Clinical and laboratory features of in-patients with multiple sclerosis in a university hospital in Tokyo from 1988-2002

Kortaro Tanaka, Yuki Kujuro, Shigeaki Suzuki, Norio Tanahashi, Junichi Hamada, Shigeru Nogawa, Norihiro Suzuki

Research output: Contribution to journalArticle

15 Citations (Scopus)

Abstract

Objective: The aim of this study was to analyze the clinical and laboratory features of each subtype of multiple sclerosis (MS) (relapsing-remitting, primary progressive, and secondary progressive) in the Tokyo metropolitan area. Methods and patients: We retrospectively analyzed the medical records of 104 consecutive patients with a diagnosis of MS, who had been admitted to our university hospital from 1988 to 2002. They all met criteria for definite MS, by clinical or laboratory standards. Results: Eighty-four (80.8%) patients were classified as having relapsing-remitting MS, while 8 patients (7.7%) and 12 patients (11.5%) were classified as having primary progressive MS and secondary progressive MS, respectively. A significant female predominance existed in the relapse-remitting MS (female: male=2.4: 1) cohort, but this ratio was 1: 1 in both primary progressive and secondary progressive MS. The age at onset was older in the primary progressive MS (36.6±17.1 years of old) population than in either the relapsing-remitting MS (27.9±11.1) or the secondary progressive MS (27.8±11.5) subjects. Although the duration of illness was similar among the three types of MS, the number of exacerbations in the secondary progressive (5.9±4.6) cohort was significantly higher than that in the relapsing-remitting MS subjects (3.2±2.6). Patients with primary progressive MS showed a significantly higher rate of gait disturbance (87.5%) as the initial symptom than those with relapsing-remitting MS (23.8%), and this was thought to be due to the higher incidence of brainstem and spinal cord lesions. Visual disturbance as the initial symptom was frequently noted in those with secondary progressive MS (50.0%), while it was noted only in 29.8% and 12.5% in the relapsing-remitting and primary progressive patients, respectively. Primary progressive MS subjects had a higher propensity to be wheelchair-bound (75.0%) than those suffering from relapsing-remitting MS (1.2%). Increased total protein in the cerebrospinal fluid (CSF) of the secondary progressive cohort was statistically significant compared to the relapsing-remitting cohort. The frequency of oligoclonal IgG bands was rather low in each type of MS (17.1-33.3%). Gadolinium enhancement of plaques on MRI was more frequently present in secondary progressive MS (66.7%) than in either relapsing-remitting MS (32.1%) or primary progressive MS (50.0%). Of note, the opticospinal form was found in only 16.3% of the total MS patients, a proportion less than that in previous reports from southern Japan. Conclusion: The present study confirms that while the clinical and laboratory features of the MS patients in the Tokyo metropolitan area are similar to those in Western countries in most regards, features such as proportionally fewer primary and secondary progressive MS patients as well as less oligoclonal IgG bands on CSF analysis are different from those in Western countries.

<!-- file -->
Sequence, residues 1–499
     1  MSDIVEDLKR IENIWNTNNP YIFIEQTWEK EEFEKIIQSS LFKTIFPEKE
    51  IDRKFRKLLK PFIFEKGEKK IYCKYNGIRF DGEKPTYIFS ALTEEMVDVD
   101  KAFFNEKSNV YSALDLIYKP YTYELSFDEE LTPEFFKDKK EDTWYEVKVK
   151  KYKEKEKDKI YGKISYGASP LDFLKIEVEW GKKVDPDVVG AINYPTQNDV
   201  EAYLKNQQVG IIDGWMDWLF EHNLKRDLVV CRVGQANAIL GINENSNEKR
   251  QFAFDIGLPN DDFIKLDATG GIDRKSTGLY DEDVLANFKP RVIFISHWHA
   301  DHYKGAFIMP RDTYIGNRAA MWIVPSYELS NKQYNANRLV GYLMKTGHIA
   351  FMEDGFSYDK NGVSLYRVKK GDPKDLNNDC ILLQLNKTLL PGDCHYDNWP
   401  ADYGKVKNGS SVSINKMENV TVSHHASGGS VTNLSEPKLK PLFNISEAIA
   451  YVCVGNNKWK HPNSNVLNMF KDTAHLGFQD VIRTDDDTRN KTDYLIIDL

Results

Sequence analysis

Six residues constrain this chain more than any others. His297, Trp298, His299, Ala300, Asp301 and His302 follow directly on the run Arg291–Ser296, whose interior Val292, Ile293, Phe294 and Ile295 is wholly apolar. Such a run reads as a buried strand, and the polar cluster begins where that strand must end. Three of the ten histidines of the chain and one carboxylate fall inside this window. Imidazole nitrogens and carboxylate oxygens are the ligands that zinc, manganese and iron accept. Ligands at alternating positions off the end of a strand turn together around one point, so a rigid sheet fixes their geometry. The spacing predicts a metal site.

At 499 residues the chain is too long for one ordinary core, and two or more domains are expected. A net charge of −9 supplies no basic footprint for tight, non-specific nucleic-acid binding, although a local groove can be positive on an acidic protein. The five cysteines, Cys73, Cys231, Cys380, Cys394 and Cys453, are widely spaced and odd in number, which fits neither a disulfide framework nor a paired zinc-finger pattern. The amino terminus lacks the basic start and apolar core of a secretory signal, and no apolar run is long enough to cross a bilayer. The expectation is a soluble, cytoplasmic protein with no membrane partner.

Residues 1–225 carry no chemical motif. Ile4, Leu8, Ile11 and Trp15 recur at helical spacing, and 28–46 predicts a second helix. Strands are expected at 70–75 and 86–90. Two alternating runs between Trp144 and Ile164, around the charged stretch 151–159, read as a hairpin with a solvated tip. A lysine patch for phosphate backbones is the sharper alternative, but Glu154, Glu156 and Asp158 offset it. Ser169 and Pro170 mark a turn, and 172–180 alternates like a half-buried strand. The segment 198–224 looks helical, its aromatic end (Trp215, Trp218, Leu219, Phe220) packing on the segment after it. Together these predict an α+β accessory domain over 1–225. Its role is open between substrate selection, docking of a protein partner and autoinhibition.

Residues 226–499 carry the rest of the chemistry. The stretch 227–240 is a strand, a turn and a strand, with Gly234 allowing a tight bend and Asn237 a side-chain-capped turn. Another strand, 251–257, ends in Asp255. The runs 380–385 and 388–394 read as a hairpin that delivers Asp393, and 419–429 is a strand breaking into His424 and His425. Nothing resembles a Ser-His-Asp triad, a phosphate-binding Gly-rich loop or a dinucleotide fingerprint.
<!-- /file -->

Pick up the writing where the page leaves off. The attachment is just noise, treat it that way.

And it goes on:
Original languageEnglish
Pages (from-to)560-566
Number of pages7
JournalInternal Medicine
Volume44
Issue number6
DOIs
Publication statusPublished - 2005 Jun

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Chronic Progressive Multiple Sclerosis
Tokyo
Multiple Sclerosis